They're not the friendliest skies U.S. carriers have ever seen. And they've discovered that war, disease or some other calamity can darken them quickly.
But for the six largest U.S. carriers, international markets are proving less turbulent and more promising -- for now -- than their own backyard.
Simply put, they're losing money by the billions on flights within the United States. But when their planes leave U.S. airspace, the picture turns profitable.
"The big network carriers are increasingly focused on international opportunities," said Karan Bhatia, assistant secretary for aviation and international affairs at the Federal Aviation Administration. "They're expanding services abroad. International services... represent a continuing area of opportunity for them."
At least for now. Some of the same dynamics that have turned their domestic operations into huge money losers could play out internationally as well.
The big airlines complain that too many seats are chasing too few passengers in the United States. Fares don't cover the costs of providing the service. Add to that the rising power of low-cost airlines such as Southwest and JetBlue, and you have a potent money-losing combination.
It all changes beyond U.S. borders. There, airlines enjoy some pricing power partly because of limits on competition and significant barriers to the entry of new players. Low-fare carriers aren't on the radar screen.
The outlook for international business and leisure travel is good, carriers say. It's fueled in large part by the increasing globalization of business, the rise of a middle class in nations such as India and still-strong leisure travel.
International traffic, measured in miles flown by paying passengers, rose 14 percent in the 12 months that ended Sept. 30. That's nearly double the domestic growth.
At United Airlines, where losses landed what was once the world's largest carrier in bankruptcy court, it's a straightforward analysis:
"There is more profit potential in the current environment internationally than domestically," said Graham Atkinson, senior vice president of worldwide sales and alliances at United Airlines.
Only about a third of United's passenger revenue comes from international operations. It's about the same at Northwest, American and Continental. At Delta, it's only 19 percent.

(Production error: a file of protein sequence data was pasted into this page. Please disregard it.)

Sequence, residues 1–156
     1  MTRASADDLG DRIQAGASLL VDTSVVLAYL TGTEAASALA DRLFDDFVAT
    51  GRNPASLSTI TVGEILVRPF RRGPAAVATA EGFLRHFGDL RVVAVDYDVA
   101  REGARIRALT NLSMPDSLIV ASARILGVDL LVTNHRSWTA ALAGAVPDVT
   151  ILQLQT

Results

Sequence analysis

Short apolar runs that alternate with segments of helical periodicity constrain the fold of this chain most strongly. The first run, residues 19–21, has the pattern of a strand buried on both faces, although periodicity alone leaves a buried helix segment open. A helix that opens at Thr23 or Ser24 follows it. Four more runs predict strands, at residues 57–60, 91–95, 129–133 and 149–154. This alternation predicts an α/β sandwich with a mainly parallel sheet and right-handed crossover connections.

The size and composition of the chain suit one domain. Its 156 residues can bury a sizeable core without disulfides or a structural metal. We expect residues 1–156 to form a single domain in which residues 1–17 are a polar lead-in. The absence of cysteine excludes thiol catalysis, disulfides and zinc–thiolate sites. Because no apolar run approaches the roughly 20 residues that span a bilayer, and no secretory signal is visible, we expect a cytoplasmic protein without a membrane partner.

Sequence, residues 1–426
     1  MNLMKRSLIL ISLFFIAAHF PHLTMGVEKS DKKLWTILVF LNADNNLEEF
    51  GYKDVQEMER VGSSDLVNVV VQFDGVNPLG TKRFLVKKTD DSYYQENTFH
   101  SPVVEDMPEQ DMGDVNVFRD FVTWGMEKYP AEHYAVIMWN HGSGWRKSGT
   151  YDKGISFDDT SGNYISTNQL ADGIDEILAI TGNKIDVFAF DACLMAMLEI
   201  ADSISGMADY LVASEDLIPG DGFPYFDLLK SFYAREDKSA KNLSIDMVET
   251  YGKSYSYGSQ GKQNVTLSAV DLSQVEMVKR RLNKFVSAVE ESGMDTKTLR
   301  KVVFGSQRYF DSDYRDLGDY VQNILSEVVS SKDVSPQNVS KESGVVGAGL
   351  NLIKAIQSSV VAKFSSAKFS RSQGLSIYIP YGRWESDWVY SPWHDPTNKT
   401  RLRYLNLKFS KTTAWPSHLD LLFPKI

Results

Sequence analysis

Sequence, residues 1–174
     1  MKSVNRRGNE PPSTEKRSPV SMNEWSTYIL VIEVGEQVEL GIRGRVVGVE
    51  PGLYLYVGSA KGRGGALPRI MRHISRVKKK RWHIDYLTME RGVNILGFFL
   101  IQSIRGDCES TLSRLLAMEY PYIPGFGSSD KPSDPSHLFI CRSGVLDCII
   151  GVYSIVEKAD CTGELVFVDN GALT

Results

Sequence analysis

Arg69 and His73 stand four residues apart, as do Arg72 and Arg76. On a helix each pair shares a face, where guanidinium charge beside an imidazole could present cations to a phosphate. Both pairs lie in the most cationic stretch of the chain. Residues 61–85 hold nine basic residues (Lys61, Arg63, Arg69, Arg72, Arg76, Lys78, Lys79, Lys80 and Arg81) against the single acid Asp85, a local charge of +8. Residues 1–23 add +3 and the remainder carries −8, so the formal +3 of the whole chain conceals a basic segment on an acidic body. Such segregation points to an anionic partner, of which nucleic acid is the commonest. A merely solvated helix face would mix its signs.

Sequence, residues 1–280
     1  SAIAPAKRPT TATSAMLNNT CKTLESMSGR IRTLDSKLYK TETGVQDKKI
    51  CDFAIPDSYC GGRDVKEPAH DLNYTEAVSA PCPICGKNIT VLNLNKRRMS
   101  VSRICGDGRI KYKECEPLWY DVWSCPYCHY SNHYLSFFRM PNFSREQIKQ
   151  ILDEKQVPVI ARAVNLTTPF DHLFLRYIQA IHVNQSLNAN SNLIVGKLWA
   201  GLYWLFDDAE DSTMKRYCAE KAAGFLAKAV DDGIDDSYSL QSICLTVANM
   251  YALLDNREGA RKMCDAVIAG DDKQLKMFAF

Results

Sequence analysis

But the major airlines are putting all their growth into international flying this year while domestic flying remains flat.
The United States is keen to negotiate "open skies" pacts with other nations. They eliminate restrictions on how often carriers can fly between nations, the kind of aircraft they can use and the prices they can charge.
Under open skies pacts, a carrier from either country can fly from any city in either country to any city in the other country.
The United States has open sky agreements with 67 nations, including one struck in January with India, the world's second-most-populous nation. Some 2 million travelers fly between the U.S. and India annually.
In Europe, the United States is trying to negotiate an open skies deal that would include all members of the European Union. The nation has such deals with 15 of the 25 E.U. countries.
In the domestic market, bankrupt and otherwise struggling carriers are reluctant to raise fares, fearing it'll cost them passengers. But internationally, it's a different story.
"Competitors in the international market typically have the same motivation we have in terms of recovering some of the increase in fuel costs," Casey said.
Airlines also find more travelers on marathon flights are inclined to spring for higher-fare tickets that get them perks such as seats that essentially turn into beds.
"The longer the trip, the more critical it is to be comfortable throughout your entire trip," Northwest's Laura Liu said.
Comfort comes at a price: Booking a business class seat on a flight to Amsterdam, the Netherlands, from the Twin Cities a month in advance costs more than $7,400; it's about $800 back in coach.